As regular readers of this blog know, I have several problems with the theories proposed by those who contend that religion is an evolved adaptation and was specifically targeted by selection. In this context, I have usually taken issue with the work of David Sloan Wilson, Matt Rossano, and Nicholas Wade (see “Religion as Evolved Adaptation — The Fallacy of Backwards Projection“). Having recently read (or re-read) Joseph Bulbulia’s work, I would like to add him to this list. You can find his publications here.
In an article titled “Are There Any Religions: An Evolutionary Exploration,” Bulbulia begins by asserting that religion (or more specifically, the universal human tendency towards supernatural thinking) is a “panhuman capacity” that springs naturally from a universal cognitive architecture which generates religious products. These products are, of course, heavily patterned by historical circumstance and cultural place.
Borrowing from the evolutionary biologist Sewall Wright’s notion of a “fitness landscape,” Bulbulia contends that a panhuman cognitive psychology “canalizes” thinking in the direction of religion. Although Sewall Wright’s theory is mathematical, it can be visualized:
The peaks constitute optimum fitness but are costly and thus rarely attained. The more likely course is that the evolved mind takes a path of lesser resistance, flowing like a river through valleys and only occasionally climbing peaks. So this is what Bulbulia means when he says that the religious mind is “strongly canalized. Canalized design features are functionally organized phenotypic expressions whose end-states remain stable under a range of normal environmental conditions.”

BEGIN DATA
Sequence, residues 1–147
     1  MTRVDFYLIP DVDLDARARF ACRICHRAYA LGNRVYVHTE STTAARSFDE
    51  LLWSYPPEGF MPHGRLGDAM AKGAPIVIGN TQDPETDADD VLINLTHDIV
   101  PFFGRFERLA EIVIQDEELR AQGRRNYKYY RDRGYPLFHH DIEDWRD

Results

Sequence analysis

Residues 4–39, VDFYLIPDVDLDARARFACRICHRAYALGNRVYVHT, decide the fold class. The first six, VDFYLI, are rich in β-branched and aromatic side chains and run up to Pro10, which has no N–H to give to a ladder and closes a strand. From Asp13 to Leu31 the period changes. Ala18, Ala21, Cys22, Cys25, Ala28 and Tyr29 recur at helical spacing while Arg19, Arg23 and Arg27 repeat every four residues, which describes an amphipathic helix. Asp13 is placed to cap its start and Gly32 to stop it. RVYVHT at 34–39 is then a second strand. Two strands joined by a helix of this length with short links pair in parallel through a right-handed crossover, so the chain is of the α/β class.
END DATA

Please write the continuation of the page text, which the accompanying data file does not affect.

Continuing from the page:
So far so good: there are several evolved aspects of the human mind — shared by everyone — which incline humans towards supernatural thinking and which in more recent times (i.e., following the Neolithic Revolution) coalesce into what we call “religion.” Bulbulia’s next step is far less persuasive: “selection has canalized religious psychology to foster rapid solutions to two recurrent adaptive problems: getting along with others, and getting along with ourselves.”
Here we have another version of the argument that religion evolved to make people more cooperative, prosocial, and “moral.” Bulbulia’s preferred method for testing his hypothesis is to use various economic game experiments, which usually show that self-identified religious people tend to be more cooperative than non-religious people. From these experiments, Bulbulia concludes that religion evolved for this purpose.
There are three problems with this approach. First, it is critical to note that the fitness landscape has not remained stable; it changed repeatedly during the course of hominid evolution and especially as humans shifted from hunting and gathering to sedentism and agriculture. The second is the fallacy of backwards projection, which assumes that religion today functions in the same way as it did in the Paleolithic past. I questioned this assumption in a previous post. The third problem arises from the fact that we cannot test this idea in a Paleolithic setting, at a time when shamanic practices were the dominant mode of spiritual expression.
Indeed, my reading the of the immense literature on shamanism suggests that it had much less to do with promoting cooperation and morality, and much more to do with understanding the cosmos and the unpredictable and uncontrollable nature of life. Although shamanic practices today are less widespread than they were during our hunting and gathering past (and thus can serve as only rough proxies of Paleolithic shamanism), Bulbulia’s ideas would best be tested in small-scale societies where shamanism is dominant. I suspect his findings would be much different.